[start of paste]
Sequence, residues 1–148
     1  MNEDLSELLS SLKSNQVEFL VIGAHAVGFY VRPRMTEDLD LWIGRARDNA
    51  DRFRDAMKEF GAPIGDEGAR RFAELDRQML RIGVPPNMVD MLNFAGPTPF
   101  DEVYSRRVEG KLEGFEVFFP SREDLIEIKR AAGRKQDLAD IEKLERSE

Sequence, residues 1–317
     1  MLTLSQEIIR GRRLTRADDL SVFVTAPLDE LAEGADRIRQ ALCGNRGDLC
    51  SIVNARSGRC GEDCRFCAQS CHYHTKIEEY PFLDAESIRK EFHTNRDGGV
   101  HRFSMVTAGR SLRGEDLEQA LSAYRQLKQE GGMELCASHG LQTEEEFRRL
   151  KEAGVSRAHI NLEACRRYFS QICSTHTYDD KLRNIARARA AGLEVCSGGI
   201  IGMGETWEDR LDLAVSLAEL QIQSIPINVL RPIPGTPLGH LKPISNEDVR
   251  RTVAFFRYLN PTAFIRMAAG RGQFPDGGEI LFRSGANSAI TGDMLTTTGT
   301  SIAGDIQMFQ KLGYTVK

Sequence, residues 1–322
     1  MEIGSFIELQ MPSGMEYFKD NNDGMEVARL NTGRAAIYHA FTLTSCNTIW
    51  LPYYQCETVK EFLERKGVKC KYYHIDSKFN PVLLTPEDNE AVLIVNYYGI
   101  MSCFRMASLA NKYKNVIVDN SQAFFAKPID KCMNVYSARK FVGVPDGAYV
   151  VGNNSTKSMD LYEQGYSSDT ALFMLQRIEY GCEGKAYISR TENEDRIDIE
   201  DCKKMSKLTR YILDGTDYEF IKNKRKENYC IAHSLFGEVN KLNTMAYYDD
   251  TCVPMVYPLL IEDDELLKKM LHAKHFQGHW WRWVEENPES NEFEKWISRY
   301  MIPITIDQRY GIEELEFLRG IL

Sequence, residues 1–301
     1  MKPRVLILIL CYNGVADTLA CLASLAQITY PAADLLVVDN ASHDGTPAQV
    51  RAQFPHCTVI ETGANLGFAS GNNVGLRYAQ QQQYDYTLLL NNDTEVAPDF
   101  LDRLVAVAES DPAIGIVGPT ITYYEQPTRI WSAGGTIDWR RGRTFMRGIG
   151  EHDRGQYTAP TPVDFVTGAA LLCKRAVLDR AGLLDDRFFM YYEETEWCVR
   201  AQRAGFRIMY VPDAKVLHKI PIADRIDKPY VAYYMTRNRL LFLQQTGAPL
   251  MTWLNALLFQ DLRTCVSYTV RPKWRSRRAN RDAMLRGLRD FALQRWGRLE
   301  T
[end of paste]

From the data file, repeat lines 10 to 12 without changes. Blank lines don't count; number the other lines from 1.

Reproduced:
   201  IGMGETWEDR LDLAVSLAEL QIQSIPINVL RPIPGTPLGH LKPISNEDVR
   251  RTVAFFRYLN PTAFIRMAAG RGQFPDGGEI LFRSGANSAI TGDMLTTTGT
   301  SIAGDIQMFQ KLGYTVK